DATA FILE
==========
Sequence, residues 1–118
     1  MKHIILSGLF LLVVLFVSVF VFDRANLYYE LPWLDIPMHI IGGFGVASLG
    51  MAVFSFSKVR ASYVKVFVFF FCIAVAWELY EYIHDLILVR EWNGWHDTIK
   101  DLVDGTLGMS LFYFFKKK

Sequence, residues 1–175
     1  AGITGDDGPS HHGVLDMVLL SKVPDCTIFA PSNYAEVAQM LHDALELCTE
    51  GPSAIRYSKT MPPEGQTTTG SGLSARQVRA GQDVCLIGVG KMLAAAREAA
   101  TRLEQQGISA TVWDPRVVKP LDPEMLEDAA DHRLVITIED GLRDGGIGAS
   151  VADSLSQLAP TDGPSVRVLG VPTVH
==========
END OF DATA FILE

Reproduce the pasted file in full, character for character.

Sequence, residues 1–118
     1  MKHIILSGLF LLVVLFVSVF VFDRANLYYE LPWLDIPMHI IGGFGVASLG
    51  MAVFSFSKVR ASYVKVFVFF FCIAVAWELY EYIHDLILVR EWNGWHDTIK
   101  DLVDGTLGMS LFYFFKKK

Sequence, residues 1–175
     1  AGITGDDGPS HHGVLDMVLL SKVPDCTIFA PSNYAEVAQM LHDALELCTE
    51  GPSAIRYSKT MPPEGQTTTG SGLSARQVRA GQDVCLIGVG KMLAAAREAA
   101  TRLEQQGISA TVWDPRVVKP LDPEMLEDAA DHRLVITIED GLRDGGIGAS
   151  VADSLSQLAP TDGPSVRVLG VPTVH